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Late yesterday afternoon I met my friend Brenna at the harbor to go on a slug hunt. Brenna is working on the taxonomy of a group of nudibranchs for her dissertation, and we've gone collecting out in the intertidal together a few times. I knew I'd need some harbor therapy after teaching a microscope class in the afternoon so when she suggested a slug hunt I didn't have to think twice about saying "Yes!"

I arrived at the harbor before Brenna did, and spent some time lying on the docks taking pictures of the fouling community that lives there. The late summer afternoon light was perfect for picture taking, and I got some great shots.

Mussel (Mytilus sp.) at the Santa Cruz Yacht Harbor, 29 August 2015. © Allison J. Gong
Mussel (Mytilus sp.) at the Santa Cruz Yacht Harbor, 29 August 2015.
© Allison J. Gong

This is one of my favorites. It's a view into the posterior end of a live mussel (Mytilus sp.). Mussels live inside a pair of shells and open up only the posterior end to suck in water for respiration and filter feeding. They shut the shells very quickly when disturbed, so I had to sneak up on this individual and take a picture before it knew I was there. Looking through the opening you can see a blurry pale structure running from left to right; I think this is the mussel's gill. The elaborately fringed dark structure that looks like a pair of curtains extending towards each other is the edge of the mantle. Because most of the mussel's body is enclosed within the shells, the mantle edge contains most of the animal's sensory organs. Mantles are exquisitely sensitive to touch, light, and certain chemicals; scallops, another type of bivalve mollusk, often have actual eyes on the mantle edge.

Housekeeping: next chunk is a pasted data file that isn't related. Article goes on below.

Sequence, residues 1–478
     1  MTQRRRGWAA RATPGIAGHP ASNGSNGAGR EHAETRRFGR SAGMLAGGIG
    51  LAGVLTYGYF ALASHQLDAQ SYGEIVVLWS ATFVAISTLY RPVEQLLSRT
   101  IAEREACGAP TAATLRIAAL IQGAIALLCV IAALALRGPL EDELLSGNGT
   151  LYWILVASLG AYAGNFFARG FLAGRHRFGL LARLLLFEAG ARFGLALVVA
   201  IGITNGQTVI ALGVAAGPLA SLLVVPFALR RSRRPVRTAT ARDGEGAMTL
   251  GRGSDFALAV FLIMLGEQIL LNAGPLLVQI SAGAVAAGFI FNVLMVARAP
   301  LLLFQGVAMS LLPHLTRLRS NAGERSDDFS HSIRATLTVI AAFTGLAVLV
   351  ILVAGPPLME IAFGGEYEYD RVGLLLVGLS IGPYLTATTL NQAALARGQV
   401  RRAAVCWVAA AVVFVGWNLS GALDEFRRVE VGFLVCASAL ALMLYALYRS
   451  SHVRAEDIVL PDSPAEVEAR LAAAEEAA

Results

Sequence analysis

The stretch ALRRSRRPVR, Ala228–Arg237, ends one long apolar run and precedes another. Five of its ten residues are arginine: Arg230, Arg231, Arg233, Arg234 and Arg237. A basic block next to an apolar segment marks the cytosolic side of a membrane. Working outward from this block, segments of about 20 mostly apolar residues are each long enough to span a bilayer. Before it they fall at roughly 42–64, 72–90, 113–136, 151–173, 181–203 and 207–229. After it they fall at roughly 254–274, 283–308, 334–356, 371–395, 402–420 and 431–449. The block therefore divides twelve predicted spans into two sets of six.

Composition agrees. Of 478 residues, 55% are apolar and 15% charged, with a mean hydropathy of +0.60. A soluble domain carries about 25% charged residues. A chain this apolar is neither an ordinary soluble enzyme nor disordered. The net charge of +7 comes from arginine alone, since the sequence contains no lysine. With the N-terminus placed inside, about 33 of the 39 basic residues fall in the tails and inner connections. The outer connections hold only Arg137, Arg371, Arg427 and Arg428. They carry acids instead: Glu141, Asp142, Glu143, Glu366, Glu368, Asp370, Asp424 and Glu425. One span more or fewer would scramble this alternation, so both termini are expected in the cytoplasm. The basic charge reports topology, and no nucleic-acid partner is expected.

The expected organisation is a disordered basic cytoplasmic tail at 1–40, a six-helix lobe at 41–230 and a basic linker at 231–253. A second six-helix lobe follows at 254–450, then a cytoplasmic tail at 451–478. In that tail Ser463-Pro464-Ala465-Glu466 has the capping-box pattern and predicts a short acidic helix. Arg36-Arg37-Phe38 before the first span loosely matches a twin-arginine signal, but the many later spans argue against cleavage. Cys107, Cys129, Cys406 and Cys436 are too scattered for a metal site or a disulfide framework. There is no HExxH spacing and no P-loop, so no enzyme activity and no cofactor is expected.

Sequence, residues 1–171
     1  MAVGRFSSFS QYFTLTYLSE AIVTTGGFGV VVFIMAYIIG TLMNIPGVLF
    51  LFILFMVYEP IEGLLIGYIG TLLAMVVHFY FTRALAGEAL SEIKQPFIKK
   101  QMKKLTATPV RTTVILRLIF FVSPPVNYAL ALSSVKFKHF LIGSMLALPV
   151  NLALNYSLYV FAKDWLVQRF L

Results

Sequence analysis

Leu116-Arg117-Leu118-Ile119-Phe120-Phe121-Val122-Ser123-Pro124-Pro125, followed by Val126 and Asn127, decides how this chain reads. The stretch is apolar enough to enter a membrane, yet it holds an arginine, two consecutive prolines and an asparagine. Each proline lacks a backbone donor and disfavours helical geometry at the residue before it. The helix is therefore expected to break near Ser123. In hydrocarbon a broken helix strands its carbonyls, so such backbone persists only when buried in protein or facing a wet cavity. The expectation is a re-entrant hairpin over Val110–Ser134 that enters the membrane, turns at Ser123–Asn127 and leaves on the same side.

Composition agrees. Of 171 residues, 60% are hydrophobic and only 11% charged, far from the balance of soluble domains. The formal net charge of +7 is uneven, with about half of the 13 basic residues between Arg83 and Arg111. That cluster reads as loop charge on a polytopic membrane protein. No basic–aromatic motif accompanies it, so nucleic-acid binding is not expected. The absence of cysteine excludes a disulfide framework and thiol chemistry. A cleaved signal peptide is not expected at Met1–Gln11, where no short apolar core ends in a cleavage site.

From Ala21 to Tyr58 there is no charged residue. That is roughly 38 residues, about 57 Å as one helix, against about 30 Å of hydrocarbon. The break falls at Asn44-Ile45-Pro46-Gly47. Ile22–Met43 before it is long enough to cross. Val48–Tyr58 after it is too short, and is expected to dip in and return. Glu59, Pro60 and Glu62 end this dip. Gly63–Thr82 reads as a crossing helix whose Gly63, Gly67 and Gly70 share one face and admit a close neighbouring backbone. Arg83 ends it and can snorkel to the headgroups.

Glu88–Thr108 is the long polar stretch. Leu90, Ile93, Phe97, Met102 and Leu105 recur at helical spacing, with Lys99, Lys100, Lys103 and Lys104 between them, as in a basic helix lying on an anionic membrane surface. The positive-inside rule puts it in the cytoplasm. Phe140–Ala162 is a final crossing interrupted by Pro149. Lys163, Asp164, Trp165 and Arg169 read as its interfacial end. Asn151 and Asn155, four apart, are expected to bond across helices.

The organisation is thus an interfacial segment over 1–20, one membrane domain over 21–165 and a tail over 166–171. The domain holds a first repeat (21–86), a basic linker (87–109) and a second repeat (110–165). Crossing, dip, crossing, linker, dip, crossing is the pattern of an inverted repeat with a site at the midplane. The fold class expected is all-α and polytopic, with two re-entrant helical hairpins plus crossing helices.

In addition to spying on mussels, I also tried to catch polychaete worms off-guard. There are several different types of tube-dwelling polychaetes living at the harbor. Most of the ones I saw yesterday were serpulids living in meandering calcareous tubes. Like these:

Serpulid polychaete worm at the Santa Cruz Yacht Harbor, 29 August 2015. © Allison J. Gong
Two examples of Serpula columbiana, a tube-dwelling polychaete worm, at the Santa Cruz Yacht Harbor, 29 August 2015.
© Allison J. Gong

Polychaete worm tubes come in many different materials and morphologies. These serpulids live in calcareous tubes that snake over surfaces. Because the tubes are mineralized, they can extend upwards from a surface, too. The worm spends its entire post-larval life in the tube that it secretes, extending only its "head", visible as a tentacular crown, for filter-feeding. Like the mussels, serpulid polychaetes are very quick to respond to anything they perceive as a threat. Even a mere shadow passing over them can cause a rapid retreat into the tube finalized by sealing off the tube with the trumpet-shaped operculum.

One of the most conspicuous animals at the harbor is an invasive encrusting bryozoan, Watersipora subtorquata. This animal is one of the first to colonize new real estate. Nothing else looks like it, so it is easy to identify.

Watersipora subtorquata, an introduced bryozoan at the Santa Cruz Yacht Harbor, 29 August 2015. © Allison J. Gong
Watersipora subtorquata, an introduced bryozoan at the Santa Cruz Yacht Harbor, 29 August 2015.
© Allison J. Gong

Watersipora grows as a crust on surfaces such as mussel shells and floating docks, but when two colonies meet they use each other as surfaces, forming these curling sheets. The faint fuzziness that you see sort of hovering above the surface of the sheets is due to the lophophores extending from the zooids. Here's a closer shot: